Suzy Kellems Dominik
January 18 - February 24, 2019
The Laundry and the SKD Studio are pleased to announce the first solo exhibition by artist and emotional autobiographer, Suzy Kellems Dominik in San Francisco opening on January 18.
For her solo debut in San Francisco, the artist will present a selection of works from her INVISIBLE and We the People series, respectively. Located in the Main Gallery on the first floor, Kellems Dominik’s monumental soft-sculpture installation, INVISIBLE, features five surrealistic totems of the nude female form measuring over 11 feet tall. Each sculpture is rendered in the nude, representing the particularities of the female body beyond middle-age and positing an unabashed investigation of the psychological and physical toll of time and maturity on the body. The totems are illuminated by a white-neon caption rendered in the artist’s handwriting stating: “for without feet, one cannot escape.” Like the caryatids of ancient Greece, the sculptures have no feet and therefore cannot run, cannot escape from societal expectations, and cannot forgo the glorious yet infinitely complicated ravages of time and biology. The totems stand tall, eschew invisibility, and embrace female agency.
In the downstairs Theater Gallery, Kellems Dominik is debuting for the first time a film from her We The People series, entitled We The People – Stoned (2018). This film is one element of a larger body of work that poetically reimagines the experience of community turning in on itself. The installation confronts the myth of “America” and subjects the viewer to an investigation of the freedoms of self-determination, of speech, and of expression in light of the contemporary social phenomenon of non-listening. We The People – Stoned is projected on three of the four gallery walls, immersing the viewer in a compelling 2:57 video and surround-soundtrack.
We The People – Stoned opens to the early moments of a ritual stoning — the moments when a victim is cast and judgement passed — while deliberately denying the viewer a specific protagonist. The swelling action is indicated by a hypnotic stereo soundtrack subjects the viewer to a series of systematic incantations that function to indicate rising action, an accumulating mob, and prescient danger. The script, which springs from the opening line of the United States Preamble, mirrors the anxieties of our contemporary political environment and alludes to freedom of opinion, the rhetoric of violence, and the sanctity of human rights. Viewed independently, the film is a contemplative statement on and an investigation of our ridged, entrenched, and polarized society.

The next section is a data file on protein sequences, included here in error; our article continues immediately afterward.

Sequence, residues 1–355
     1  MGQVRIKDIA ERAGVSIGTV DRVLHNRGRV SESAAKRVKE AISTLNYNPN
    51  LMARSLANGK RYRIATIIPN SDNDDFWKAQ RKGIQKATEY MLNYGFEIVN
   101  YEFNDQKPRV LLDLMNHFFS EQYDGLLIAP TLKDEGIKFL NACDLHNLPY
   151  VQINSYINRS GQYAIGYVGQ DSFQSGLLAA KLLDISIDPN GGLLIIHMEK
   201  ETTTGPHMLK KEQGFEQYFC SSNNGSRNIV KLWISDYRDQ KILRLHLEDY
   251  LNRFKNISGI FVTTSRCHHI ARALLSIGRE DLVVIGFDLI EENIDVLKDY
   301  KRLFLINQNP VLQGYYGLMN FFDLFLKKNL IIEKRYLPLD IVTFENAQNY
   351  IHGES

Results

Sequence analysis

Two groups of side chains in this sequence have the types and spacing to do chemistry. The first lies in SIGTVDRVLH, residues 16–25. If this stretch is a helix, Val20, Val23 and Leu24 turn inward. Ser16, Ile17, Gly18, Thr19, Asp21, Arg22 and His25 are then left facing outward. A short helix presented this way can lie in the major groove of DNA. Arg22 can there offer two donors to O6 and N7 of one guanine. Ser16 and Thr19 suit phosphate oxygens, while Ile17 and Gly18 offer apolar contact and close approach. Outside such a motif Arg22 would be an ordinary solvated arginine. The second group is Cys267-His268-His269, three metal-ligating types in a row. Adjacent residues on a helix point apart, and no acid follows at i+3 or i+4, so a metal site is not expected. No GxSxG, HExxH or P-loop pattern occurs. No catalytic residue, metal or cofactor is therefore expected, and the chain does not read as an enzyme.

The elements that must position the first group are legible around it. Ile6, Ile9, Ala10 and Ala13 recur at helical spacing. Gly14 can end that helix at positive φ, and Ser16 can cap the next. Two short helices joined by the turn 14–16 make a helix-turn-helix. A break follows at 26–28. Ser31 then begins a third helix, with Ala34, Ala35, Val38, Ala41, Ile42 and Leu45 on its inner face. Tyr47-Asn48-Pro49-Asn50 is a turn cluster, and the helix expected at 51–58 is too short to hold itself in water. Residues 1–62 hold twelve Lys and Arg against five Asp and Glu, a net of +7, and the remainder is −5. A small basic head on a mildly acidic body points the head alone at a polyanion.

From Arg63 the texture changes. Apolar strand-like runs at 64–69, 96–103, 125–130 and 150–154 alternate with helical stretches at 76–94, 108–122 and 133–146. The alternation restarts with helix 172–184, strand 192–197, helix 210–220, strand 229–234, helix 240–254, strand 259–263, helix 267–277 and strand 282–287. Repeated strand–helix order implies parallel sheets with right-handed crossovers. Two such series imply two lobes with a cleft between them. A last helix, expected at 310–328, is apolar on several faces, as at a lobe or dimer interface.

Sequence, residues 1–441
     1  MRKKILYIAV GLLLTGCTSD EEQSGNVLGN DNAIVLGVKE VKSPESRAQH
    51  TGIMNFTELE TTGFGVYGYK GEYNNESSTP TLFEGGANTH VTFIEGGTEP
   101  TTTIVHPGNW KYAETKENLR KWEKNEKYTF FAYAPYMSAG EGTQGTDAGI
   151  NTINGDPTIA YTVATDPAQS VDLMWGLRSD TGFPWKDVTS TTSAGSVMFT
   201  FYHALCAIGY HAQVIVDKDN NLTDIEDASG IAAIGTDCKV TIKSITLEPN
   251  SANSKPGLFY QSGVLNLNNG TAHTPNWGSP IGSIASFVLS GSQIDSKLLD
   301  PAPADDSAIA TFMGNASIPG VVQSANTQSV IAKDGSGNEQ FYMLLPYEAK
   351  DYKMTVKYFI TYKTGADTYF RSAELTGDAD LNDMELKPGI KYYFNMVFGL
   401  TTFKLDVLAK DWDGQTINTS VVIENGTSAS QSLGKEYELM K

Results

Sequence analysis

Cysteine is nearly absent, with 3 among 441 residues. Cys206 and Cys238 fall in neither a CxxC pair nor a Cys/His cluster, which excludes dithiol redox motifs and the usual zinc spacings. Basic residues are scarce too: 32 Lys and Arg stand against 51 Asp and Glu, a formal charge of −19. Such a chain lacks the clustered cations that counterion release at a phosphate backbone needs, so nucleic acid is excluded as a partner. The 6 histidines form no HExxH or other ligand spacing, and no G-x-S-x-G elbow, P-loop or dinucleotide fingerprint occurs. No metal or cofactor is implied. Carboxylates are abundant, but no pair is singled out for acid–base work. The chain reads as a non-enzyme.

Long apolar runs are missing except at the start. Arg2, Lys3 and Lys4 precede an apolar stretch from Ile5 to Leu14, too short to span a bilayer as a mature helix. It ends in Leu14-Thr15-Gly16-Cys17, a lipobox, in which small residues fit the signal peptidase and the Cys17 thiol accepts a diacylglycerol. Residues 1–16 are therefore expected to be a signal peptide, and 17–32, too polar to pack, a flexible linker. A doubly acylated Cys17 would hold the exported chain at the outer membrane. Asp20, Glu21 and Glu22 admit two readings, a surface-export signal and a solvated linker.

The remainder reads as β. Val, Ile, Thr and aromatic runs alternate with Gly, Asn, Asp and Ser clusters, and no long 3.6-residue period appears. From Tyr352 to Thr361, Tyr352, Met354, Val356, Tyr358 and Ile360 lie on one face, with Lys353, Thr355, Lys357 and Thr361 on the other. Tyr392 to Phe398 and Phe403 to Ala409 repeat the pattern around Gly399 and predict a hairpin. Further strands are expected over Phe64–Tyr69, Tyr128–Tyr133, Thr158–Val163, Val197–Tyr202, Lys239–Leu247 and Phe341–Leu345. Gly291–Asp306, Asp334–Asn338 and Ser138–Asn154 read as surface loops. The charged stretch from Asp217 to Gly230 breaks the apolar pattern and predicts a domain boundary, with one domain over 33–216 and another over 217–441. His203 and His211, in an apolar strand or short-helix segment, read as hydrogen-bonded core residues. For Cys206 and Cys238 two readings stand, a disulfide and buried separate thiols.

Suzy Kellems Dominik (b. 1961) is a multi-disciplinary artist and emotional autobiographer known for her fearlessly confrontational work. The deliberately feminist themes she explores are realized through various mediums and serve to dissect the most intimate moments of human relationships. Kellems Dominik seeks to encourage the amplification of strong female voices with a focus on self-empowerment, pleasure, and the private-made-public. Her extensive and varied body of work is underscored by a profound empathy for the vulnerability of the human condition and for the principles that underlie our efforts to connect, communicate, and commune. Kellems Dominik’s work is characterized by her diligent research of our culture’s visual traditions, societal taboos, religious legacy, and the body of the individual. She often uses her own body to expose rigidly antiquated social constructs and to examine the role of female sensuality and agency in subversion of patriarchal social and aesthetic conventions. Drawing on the endlessly expressive qualities of film, performance, photography, and sculpture, Kellems Dominik explores objectification and the male gaze, human trauma, female sexuality, agency, and her own experience of loss and survival.